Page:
The ruling Justice and Development Party (AK Party) has prepared an alternative draft of the election law. It will be finalized after consultation with the commission and President Recep Tayyip Erdoğan and presented as a bill in the Turkish Parliament.
The new law is designed to make critical changes to Turkey's election threshold, the lawmakers' ability to change parties, requirements to participate in elections and an overhaul of the overall election system, among several other things.
The draft proposes canceling the threshold altogether or setting it at 5% or 7%, according to the Turkish daily, Sabah.
The current 10% threshold and the highest averages method, known as the D'Hondt method, were introduced with the 1982 Constitution, which was adopted in a referendum after the 1980 military coup.
The aim of the threshold was to prevent political instability as the former system of proportional representation introduced with the 1961 Constitution led to fragile coalition governments in the 1970s, with small or wing parties gaining Cabinet powers far beyond their votes due to grisly coalition bargaining.
Meanwhile, in terms of the electoral system, the new law offers three options: not changing the existing D'Hondt method, which involves proportional representation, and two variations of a single-member system. One of the single-member systems divides provinces with more than 18 lawmakers into separate districts composed of 10 lawmakers each, increasing the number of electoral districts in large cities like the capital Ankara and Istanbul.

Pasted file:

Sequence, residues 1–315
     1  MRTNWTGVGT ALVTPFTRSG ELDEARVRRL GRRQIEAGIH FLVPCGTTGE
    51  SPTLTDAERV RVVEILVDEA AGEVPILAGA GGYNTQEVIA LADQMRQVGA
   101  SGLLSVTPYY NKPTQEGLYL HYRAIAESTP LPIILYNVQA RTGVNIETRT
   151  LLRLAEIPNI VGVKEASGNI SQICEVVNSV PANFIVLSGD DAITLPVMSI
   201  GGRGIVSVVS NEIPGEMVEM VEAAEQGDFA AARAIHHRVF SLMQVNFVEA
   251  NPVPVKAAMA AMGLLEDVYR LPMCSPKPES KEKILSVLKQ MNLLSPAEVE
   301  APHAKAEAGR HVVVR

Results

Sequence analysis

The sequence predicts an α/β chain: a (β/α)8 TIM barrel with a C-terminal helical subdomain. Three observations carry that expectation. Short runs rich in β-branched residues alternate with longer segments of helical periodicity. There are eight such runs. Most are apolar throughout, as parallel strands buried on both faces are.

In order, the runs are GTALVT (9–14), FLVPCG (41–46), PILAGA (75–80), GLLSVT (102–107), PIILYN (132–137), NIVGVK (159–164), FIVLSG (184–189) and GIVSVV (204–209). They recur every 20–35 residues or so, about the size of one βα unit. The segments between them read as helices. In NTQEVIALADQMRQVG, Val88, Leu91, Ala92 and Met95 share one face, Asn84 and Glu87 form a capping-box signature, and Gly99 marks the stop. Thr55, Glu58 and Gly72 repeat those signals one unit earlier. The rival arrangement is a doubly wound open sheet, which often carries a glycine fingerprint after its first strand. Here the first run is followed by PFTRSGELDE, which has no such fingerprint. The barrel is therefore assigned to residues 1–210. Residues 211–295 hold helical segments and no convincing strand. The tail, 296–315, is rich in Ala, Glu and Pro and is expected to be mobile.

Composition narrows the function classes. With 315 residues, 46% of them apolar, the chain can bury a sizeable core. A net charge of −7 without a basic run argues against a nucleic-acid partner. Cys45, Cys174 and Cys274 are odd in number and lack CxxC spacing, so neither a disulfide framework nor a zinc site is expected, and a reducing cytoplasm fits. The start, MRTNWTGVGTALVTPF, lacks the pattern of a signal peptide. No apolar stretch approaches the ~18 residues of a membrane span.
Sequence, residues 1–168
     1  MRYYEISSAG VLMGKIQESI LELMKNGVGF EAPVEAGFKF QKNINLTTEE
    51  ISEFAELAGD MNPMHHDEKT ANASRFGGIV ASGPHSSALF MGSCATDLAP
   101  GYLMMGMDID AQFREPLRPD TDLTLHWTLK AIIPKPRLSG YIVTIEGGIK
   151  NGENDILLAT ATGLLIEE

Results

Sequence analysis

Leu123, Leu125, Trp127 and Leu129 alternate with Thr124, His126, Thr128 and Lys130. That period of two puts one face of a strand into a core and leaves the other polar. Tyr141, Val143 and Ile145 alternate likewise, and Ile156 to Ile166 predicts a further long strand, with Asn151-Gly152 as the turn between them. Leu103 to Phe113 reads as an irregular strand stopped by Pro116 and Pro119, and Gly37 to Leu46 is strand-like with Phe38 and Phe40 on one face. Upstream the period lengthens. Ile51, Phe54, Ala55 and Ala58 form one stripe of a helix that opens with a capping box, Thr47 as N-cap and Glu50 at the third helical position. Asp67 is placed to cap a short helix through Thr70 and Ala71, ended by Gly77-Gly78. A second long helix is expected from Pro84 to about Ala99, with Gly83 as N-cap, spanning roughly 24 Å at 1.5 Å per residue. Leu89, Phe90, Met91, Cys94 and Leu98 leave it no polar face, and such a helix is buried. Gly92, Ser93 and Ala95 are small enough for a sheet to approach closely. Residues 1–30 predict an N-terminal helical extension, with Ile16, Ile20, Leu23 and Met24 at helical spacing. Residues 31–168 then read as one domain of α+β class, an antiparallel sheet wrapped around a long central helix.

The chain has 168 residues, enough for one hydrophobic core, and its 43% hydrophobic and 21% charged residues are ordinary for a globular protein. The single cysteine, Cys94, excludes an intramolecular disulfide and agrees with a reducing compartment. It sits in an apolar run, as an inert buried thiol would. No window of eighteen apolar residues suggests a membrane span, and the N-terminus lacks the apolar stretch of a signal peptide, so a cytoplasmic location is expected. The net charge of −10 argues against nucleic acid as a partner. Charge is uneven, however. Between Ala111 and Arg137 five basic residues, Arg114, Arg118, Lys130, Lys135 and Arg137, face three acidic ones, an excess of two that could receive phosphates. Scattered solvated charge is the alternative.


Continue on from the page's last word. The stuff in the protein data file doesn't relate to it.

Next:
The new law features conditions preventing newly established parties from running in elections if lawmakers have transferred into them from other parties.
The new law may also suggest that the Supreme Election Board (YSK), rather than the Supreme Court of Appeals, should oversee records of political parties' membership and congresses.
As a result of the COVID-19 pandemic, the draft also plans to address the issue of holding online party congresses.
The commission discussed having separate polls to elect local neighborhood representatives known as "muhtars," but it was dismissed as an unviable option as it would require frequent elections, the report said. Turkey elects muhtars during local elections but the local administrators do not run on a party-based campaign.
Last June, Justice Minister Abdulhamit Gül said revisiting and preparing a new election law would be useful and necessary.